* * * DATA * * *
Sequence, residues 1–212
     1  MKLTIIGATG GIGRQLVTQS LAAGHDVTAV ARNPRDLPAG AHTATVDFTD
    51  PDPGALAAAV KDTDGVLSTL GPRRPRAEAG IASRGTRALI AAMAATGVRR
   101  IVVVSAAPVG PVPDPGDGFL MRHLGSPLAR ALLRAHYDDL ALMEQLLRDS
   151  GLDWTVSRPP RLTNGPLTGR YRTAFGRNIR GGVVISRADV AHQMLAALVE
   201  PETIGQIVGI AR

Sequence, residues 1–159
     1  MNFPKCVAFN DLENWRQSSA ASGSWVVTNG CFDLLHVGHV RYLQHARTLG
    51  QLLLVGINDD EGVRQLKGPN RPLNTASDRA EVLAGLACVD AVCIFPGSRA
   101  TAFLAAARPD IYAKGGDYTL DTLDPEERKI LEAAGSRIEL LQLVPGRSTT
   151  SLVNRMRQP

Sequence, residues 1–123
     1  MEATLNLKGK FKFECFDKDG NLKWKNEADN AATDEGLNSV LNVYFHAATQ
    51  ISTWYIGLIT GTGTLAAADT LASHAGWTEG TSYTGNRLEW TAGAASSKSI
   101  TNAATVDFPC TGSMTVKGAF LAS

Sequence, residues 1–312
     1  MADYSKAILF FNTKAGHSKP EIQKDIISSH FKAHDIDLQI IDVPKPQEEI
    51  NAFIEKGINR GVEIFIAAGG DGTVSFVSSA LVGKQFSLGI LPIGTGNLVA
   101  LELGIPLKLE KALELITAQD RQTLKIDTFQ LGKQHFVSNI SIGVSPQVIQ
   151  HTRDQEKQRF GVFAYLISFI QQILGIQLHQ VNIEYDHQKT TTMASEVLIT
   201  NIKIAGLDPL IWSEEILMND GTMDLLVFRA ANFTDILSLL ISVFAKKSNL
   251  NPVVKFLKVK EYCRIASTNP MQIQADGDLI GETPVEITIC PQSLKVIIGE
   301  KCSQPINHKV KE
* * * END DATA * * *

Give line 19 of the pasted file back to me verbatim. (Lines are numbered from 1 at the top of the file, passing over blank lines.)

   101  LELGIPLKLE KALELITAQD RQTLKIDTFQ LGKQHFVSNI SIGVSPQVIQ